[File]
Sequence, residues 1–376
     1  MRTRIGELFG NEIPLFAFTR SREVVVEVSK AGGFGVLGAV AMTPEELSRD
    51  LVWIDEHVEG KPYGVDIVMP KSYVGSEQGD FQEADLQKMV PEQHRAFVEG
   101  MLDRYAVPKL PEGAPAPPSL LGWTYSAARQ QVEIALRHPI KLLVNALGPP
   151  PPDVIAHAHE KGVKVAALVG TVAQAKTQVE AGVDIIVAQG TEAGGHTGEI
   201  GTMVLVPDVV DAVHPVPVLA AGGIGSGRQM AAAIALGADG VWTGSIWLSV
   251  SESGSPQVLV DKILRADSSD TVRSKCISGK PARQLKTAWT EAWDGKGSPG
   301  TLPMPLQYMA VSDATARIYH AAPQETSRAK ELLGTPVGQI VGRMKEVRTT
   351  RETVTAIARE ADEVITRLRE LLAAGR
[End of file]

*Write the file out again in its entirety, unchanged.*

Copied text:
Sequence, residues 1–376
     1  MRTRIGELFG NEIPLFAFTR SREVVVEVSK AGGFGVLGAV AMTPEELSRD
    51  LVWIDEHVEG KPYGVDIVMP KSYVGSEQGD FQEADLQKMV PEQHRAFVEG
   101  MLDRYAVPKL PEGAPAPPSL LGWTYSAARQ QVEIALRHPI KLLVNALGPP
   151  PPDVIAHAHE KGVKVAALVG TVAQAKTQVE AGVDIIVAQG TEAGGHTGEI
   201  GTMVLVPDVV DAVHPVPVLA AGGIGSGRQM AAAIALGADG VWTGSIWLSV
   251  SESGSPQVLV DKILRADSSD TVRSKCISGK PARQLKTAWT EAWDGKGSPG
   301  TLPMPLQYMA VSDATARIYH AAPQETSRAK ELLGTPVGQI VGRMKEVRTT
   351  RETVTAIARE ADEVITRLRE LLAAGR